Bèlè, when Martinique dances!
Even if the etymology of the word is not clear, Bèlè encompasses a wide range of dances from the Island of Martinique. Product of West African patterns and European influences, on can say that Bèlè is part of the Creole aesthetic so unique and so typical of the Caribbean. Indeed, slaves used to dance and play drums for all the occasions of their lives. There was a rhythm to work, a rhythm to fight, a rhythm to worship, a rhythm to celebrate and of course a rhythm to seduce. Each step, and drum beat had a meaning, which is partially lost nowadays. Nevertheless, the spirit of fellowship still remains, making Bèlè relevant even in the 21st century.
If you are invited to a “Swaré Bèlè” (a Bèlè party) you will be able to see or join “la ronde Bèlè” (the Bèlè circle). In this circle, you have “La vwa” (the singer and the backup singers called “Le répondè”), lé tambouyé (2 drummers), “Le bwatè” (someone setting the rhythm, hitting the back of the drum with two sticks).
A basic “Bèlè ronde” is composed of 8 dancers, with 2 couples dancing simultaneously while the other couples wait their turn to join the dance. As we saw earlier, there are different dances for occasions:
Bèlè Douce (soft Bèlè): very sensual as the dancers do not hit the ground (fwappé) too hard.
Biguine Bèlè: a bit faster than Bèlè douce, yet very sensual as the term biguine is another dance that focuses very much on hips movements.
Bèlè Cho (hot Bèlè): faster, acrobatic, very much in the air, this Bèlè is very spectacular. The dancers usually show off their physical skills while remaining gracious.
Bèlè pitché (marked Bèlè): very beautiful, as the dancers have to stop whenever the drummer indicates.
Grand Bèlè (great Bèlè): different from the others, dancers look as though they are not stable on their feet. Grand Bèlè is said to have been used for worship, and was often seen at wakes.
Bèlè li Sid (Bèlè of the South): essentially danced in the South of Martinique, this dance I slower than the others. Dancers play a lot with their skirts and hats.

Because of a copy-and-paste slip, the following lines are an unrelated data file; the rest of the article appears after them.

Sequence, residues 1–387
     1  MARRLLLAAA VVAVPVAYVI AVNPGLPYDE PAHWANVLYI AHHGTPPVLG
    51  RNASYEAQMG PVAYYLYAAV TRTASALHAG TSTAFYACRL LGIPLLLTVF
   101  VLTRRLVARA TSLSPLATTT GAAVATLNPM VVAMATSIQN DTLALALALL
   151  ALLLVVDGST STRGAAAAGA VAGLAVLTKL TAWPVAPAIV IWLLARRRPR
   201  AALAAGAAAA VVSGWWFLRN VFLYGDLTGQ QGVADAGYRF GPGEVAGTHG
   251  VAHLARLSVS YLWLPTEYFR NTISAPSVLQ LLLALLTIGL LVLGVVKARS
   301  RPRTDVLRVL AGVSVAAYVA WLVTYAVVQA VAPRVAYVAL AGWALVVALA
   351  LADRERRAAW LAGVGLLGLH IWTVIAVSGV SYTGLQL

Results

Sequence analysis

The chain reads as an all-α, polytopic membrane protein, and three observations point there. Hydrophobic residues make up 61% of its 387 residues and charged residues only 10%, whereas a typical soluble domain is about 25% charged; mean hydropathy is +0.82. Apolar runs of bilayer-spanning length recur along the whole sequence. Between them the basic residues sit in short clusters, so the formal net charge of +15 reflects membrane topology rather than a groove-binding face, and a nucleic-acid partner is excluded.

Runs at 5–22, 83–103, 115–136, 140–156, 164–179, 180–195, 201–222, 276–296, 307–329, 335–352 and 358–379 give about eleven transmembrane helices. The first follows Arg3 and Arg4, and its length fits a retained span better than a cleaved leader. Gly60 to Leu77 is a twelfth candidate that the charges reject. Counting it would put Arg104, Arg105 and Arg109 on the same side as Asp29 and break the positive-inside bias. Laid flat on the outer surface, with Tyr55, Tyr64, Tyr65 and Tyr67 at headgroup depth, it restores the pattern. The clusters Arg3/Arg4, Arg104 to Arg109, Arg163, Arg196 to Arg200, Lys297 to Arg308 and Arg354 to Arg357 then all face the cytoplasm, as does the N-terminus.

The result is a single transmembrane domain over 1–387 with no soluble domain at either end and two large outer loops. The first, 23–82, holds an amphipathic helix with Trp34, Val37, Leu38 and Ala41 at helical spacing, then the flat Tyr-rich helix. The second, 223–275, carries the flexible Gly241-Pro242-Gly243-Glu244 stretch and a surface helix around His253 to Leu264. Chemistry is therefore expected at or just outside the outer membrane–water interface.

Belya: is the celebration dance! Usually danced at weddings, christenings, or any happy occasions. Very acrobatic as the dancers jump and hit the ground on the rhythm.
Bouwo: Bouwo looks like Belya, but less spectacular as the dancers focus on swinging and turn on time!
Venezwel (Venezuela): a dance where the dancers look like they are at work in the fields.
Kanigwé: A dance with commands, where the dancers will follow what the singer says.
Mabelo: a rather saucy dance where the dancer throw themselves at the other.
Kalinda: the only Bèlè that one dances alone. Both the drummers and the dancers’ skills can be evaluated on it.
Ting Bang: a very simple dance that requires a lot of stamina.
Roulé mango (roll mango): a dance that looks like a child game.
Ladja or Danmié: fighting dance, that the majô (or champion) of each village would dance to settle a dispute, or take revenge. It is said that a lot of people did obeah to win.
Bèlè is a way to express emotions, feelings, and ideas. It can be seen as an anancy way that slaves had found to exist as human beings in a hostile society. Even if it has long been out of favor and regarded as vulgar, Bèlè has recently regained of its popularity, thanks to associations like le CERMAC, La M4, “Boukan”, “Tambou Bô Kannal”, “la maison du Bèlè” in Martinique and in France. In London, with Bèlè, Gwo Ka and Kassé Kô, Ziloka is proud to present the various faces of the French Caribbean Culture.
Dr Nathalie Montlouis